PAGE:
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Agoura Hills Estate Planning, Probate & Trust Attorneys

I'm a Trustee? What happens if I don't send a §16061.7 notice?

Providing Peace of Mind One Estate Plan at A Time

If the Trustee of a California Trust fails to send the required Notification by Trustee (also called a California Probate Code §16061.7 Notice), or fails to properly serve the Notice on its intended recipients, then the normal 120-day statute of limitations for Trust contests does NOT run.

Instead, potential claimants might have years (and not just 120-days under the statute) to file a lawsuit contesting the validity of the Trust.

This could place the Trustee (who owes a fiduciary obligation to the Beneficiaries) in a tight spot. Trustees typically don't like to distribute Trust funds to the Beneficiaries unless the Trustee can be reasonably assured he or she won't need the money to defend a lawsuit, or pay creditors, taxes, legal fees, etc. But eventually the Beneficiaries will demand their inheritance.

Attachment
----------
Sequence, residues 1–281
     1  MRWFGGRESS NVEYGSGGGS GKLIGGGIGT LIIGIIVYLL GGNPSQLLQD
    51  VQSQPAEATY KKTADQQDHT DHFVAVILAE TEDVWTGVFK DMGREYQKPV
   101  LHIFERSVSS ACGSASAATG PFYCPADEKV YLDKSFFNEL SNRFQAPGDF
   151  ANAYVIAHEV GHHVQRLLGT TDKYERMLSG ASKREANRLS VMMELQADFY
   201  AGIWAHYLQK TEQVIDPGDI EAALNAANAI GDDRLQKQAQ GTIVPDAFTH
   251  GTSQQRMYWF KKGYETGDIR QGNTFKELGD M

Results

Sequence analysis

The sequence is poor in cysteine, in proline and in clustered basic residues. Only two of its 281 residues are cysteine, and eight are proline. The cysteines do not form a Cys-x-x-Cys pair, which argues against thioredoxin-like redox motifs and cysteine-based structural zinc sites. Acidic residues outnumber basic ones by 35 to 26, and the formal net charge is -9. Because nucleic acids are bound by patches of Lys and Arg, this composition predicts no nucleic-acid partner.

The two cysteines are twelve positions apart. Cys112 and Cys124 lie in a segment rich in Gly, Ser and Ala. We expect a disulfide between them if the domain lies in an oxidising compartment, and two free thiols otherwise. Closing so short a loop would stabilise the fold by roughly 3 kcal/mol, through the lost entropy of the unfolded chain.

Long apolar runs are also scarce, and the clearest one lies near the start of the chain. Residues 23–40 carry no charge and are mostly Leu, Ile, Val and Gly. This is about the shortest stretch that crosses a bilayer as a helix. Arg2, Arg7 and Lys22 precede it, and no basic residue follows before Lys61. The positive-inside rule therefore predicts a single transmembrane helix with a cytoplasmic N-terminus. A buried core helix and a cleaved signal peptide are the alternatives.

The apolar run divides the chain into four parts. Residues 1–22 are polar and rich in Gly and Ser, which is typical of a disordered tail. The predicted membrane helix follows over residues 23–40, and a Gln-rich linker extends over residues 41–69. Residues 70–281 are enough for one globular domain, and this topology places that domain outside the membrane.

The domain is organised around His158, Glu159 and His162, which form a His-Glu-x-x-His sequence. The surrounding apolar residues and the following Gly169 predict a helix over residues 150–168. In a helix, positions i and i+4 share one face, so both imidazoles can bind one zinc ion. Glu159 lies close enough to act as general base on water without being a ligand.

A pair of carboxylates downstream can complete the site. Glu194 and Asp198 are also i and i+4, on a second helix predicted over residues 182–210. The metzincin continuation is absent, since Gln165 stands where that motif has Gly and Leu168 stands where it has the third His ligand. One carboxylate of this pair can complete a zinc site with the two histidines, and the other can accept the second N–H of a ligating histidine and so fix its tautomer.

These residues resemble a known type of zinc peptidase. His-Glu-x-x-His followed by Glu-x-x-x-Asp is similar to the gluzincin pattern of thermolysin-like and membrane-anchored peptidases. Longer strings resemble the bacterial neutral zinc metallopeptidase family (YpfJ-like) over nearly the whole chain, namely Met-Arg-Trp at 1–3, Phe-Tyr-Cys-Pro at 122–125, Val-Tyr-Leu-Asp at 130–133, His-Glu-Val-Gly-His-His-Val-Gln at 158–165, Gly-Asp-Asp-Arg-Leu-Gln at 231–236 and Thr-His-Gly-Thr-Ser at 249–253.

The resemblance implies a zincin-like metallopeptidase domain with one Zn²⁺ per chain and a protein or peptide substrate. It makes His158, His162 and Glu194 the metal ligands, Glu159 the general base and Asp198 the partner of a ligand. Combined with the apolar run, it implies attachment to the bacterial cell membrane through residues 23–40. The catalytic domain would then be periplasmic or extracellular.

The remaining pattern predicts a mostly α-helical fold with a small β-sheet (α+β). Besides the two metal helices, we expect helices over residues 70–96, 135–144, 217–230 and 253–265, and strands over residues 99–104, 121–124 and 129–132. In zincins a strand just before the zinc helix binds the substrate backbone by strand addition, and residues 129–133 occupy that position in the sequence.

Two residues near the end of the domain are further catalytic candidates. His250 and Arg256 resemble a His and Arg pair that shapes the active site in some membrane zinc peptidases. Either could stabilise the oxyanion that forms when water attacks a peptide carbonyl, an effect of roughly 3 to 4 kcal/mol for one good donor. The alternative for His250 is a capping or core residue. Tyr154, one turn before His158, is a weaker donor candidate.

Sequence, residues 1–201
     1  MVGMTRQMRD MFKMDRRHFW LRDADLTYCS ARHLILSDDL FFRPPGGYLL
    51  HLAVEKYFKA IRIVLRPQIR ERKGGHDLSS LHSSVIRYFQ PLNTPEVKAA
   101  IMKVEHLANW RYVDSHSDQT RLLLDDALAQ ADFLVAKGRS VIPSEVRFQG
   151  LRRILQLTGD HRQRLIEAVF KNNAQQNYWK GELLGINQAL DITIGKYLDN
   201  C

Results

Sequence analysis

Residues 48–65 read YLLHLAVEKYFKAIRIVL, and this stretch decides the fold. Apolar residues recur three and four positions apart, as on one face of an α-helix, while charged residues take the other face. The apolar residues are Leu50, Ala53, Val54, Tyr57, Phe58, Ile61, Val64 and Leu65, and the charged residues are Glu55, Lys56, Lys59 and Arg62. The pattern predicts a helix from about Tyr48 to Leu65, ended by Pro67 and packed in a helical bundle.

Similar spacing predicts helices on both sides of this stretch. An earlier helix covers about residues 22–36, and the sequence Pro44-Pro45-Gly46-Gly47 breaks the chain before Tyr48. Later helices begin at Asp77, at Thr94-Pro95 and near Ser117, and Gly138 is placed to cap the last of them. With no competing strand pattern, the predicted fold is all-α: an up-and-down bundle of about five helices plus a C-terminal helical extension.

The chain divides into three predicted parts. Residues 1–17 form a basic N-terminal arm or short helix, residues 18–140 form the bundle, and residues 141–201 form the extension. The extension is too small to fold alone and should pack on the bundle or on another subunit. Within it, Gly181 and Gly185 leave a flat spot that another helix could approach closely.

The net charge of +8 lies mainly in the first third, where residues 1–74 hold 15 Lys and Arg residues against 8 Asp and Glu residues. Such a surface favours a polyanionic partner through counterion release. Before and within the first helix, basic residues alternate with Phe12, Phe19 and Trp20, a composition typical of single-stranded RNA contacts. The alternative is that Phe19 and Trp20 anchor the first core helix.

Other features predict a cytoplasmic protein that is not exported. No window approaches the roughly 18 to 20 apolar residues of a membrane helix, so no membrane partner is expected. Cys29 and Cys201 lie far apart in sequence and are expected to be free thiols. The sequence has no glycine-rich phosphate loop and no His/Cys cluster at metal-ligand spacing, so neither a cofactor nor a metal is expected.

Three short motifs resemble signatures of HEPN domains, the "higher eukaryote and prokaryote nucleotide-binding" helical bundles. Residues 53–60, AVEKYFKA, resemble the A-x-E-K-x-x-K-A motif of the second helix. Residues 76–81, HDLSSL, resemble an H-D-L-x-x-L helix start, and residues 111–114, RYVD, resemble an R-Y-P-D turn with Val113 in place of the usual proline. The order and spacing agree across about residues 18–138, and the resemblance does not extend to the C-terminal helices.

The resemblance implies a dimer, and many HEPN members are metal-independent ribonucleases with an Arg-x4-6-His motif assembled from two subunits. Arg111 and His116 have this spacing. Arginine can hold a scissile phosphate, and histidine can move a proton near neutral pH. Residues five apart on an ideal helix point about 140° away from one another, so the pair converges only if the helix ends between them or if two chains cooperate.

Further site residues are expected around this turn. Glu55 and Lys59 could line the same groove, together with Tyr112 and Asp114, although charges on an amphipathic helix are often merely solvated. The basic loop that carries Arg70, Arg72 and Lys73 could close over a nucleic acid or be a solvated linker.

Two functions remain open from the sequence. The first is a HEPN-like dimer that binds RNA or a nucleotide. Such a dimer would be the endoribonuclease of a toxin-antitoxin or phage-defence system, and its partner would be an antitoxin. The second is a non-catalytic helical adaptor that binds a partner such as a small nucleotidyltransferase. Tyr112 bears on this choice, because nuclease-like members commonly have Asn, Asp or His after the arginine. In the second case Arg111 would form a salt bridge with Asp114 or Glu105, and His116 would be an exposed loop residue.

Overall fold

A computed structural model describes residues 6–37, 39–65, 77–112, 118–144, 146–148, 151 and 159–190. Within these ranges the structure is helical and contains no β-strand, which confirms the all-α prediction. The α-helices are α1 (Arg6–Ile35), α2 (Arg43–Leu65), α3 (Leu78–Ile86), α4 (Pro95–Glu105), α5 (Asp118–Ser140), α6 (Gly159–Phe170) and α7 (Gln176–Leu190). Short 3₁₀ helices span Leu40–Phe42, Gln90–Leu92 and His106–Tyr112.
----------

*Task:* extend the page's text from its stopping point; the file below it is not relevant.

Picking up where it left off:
In our law practice we recommend that the Trustee "over-notify" the interested parties. In other words, send the §116061.7 Notice. Sooner rather than later.

  • If there is a question about entitlement to notice (for example, if the Trustee isn't sure that a potential heir is actually related to the decedent), we usually recommend the Trustee still send the Notice.
  • If the Trustee doesn't know which address to mail the notice to (for example, if a Beneficiary recently moved), we usually recommend mailing it to both addresses.

Better to "over-notify" than to have a potential liability hanging over the Trust for years to come. Besides, if there is going to be a lawsuit, better to deal with it now, than be caught off guard after the Trustee distributes all the money to the Beneficiaries.

What next?

Did you receive a §16061.7 Notice, and you're not sure what to do with it? Call us (818.707.8200) for a consultation.

[For information only. May NOT be relied upon as legal advice.]